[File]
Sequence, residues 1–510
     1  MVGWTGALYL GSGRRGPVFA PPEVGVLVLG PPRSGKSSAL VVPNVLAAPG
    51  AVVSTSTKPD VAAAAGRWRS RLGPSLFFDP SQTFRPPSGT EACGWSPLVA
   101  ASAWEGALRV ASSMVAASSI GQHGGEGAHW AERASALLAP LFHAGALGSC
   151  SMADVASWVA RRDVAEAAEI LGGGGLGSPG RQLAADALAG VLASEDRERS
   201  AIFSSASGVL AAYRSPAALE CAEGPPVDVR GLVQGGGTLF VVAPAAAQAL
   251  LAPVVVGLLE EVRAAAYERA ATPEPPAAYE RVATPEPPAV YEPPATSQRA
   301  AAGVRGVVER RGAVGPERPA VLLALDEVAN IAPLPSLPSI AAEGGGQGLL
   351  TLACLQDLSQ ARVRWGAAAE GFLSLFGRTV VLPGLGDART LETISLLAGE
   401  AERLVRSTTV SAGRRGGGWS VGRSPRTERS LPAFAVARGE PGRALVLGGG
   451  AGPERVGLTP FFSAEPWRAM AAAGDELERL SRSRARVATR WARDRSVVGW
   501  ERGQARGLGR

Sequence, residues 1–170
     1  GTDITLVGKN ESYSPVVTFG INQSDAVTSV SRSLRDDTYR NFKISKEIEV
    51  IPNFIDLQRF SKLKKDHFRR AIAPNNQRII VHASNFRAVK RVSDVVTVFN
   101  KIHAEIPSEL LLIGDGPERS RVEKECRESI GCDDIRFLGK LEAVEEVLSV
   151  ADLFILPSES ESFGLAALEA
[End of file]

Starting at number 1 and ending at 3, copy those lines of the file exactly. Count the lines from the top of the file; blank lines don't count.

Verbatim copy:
Sequence, residues 1–510
     1  MVGWTGALYL GSGRRGPVFA PPEVGVLVLG PPRSGKSSAL VVPNVLAAPG
    51  AVVSTSTKPD VAAAAGRWRS RLGPSLFFDP SQTFRPPSGT EACGWSPLVA